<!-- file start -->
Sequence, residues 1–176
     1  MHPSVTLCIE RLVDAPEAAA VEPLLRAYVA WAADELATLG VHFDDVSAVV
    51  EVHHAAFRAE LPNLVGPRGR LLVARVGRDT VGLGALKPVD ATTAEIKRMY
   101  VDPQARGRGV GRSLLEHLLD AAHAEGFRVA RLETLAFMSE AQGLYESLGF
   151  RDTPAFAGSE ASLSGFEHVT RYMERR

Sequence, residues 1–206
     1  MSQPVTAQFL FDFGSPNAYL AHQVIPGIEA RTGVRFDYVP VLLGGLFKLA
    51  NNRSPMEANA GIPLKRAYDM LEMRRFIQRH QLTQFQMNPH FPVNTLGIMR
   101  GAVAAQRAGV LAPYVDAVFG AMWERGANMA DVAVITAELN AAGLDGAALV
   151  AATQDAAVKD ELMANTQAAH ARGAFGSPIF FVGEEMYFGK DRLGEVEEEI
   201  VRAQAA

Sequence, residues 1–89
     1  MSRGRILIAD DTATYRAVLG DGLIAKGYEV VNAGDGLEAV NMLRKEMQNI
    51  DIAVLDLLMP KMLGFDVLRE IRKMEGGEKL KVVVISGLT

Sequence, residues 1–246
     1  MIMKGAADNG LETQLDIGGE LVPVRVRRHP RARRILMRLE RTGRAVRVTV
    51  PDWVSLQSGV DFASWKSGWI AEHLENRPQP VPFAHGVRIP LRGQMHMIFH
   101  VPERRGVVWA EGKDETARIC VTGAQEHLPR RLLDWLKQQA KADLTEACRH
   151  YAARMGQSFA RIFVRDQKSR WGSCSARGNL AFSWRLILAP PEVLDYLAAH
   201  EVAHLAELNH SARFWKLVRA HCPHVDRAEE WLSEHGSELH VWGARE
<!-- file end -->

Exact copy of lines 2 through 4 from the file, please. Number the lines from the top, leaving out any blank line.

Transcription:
     1  MHPSVTLCIE RLVDAPEAAA VEPLLRAYVA WAADELATLG VHFDDVSAVV
    51  EVHHAAFRAE LPNLVGPRGR LLVARVGRDT VGLGALKPVD ATTAEIKRMY
   101  VDPQARGRGV GRSLLEHLLD AAHAEGFRVA RLETLAFMSE AQGLYESLGF